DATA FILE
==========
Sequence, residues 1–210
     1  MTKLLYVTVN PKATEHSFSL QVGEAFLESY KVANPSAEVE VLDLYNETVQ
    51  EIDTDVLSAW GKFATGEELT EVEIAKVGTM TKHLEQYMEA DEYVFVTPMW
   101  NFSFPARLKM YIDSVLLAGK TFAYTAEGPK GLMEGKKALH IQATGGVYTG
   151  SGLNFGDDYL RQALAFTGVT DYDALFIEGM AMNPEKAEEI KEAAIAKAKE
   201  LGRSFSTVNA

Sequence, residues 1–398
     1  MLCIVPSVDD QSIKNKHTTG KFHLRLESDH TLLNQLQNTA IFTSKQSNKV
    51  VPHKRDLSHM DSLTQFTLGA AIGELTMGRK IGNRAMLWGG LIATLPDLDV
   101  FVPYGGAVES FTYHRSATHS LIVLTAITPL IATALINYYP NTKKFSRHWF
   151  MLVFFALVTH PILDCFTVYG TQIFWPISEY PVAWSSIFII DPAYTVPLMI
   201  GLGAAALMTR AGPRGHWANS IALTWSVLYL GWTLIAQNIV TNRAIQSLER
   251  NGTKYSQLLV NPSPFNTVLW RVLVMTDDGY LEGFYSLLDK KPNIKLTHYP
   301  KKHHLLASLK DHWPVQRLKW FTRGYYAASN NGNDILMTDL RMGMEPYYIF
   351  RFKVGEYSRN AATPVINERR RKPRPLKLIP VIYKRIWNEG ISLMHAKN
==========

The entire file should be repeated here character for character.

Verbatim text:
Sequence, residues 1–210
     1  MTKLLYVTVN PKATEHSFSL QVGEAFLESY KVANPSAEVE VLDLYNETVQ
    51  EIDTDVLSAW GKFATGEELT EVEIAKVGTM TKHLEQYMEA DEYVFVTPMW
   101  NFSFPARLKM YIDSVLLAGK TFAYTAEGPK GLMEGKKALH IQATGGVYTG
   151  SGLNFGDDYL RQALAFTGVT DYDALFIEGM AMNPEKAEEI KEAAIAKAKE
   201  LGRSFSTVNA

Sequence, residues 1–398
     1  MLCIVPSVDD QSIKNKHTTG KFHLRLESDH TLLNQLQNTA IFTSKQSNKV
    51  VPHKRDLSHM DSLTQFTLGA AIGELTMGRK IGNRAMLWGG LIATLPDLDV
   101  FVPYGGAVES FTYHRSATHS LIVLTAITPL IATALINYYP NTKKFSRHWF
   151  MLVFFALVTH PILDCFTVYG TQIFWPISEY PVAWSSIFII DPAYTVPLMI
   201  GLGAAALMTR AGPRGHWANS IALTWSVLYL GWTLIAQNIV TNRAIQSLER
   251  NGTKYSQLLV NPSPFNTVLW RVLVMTDDGY LEGFYSLLDK KPNIKLTHYP
   301  KKHHLLASLK DHWPVQRLKW FTRGYYAASN NGNDILMTDL RMGMEPYYIF
   351  RFKVGEYSRN AATPVINERR RKPRPLKLIP VIYKRIWNEG ISLMHAKN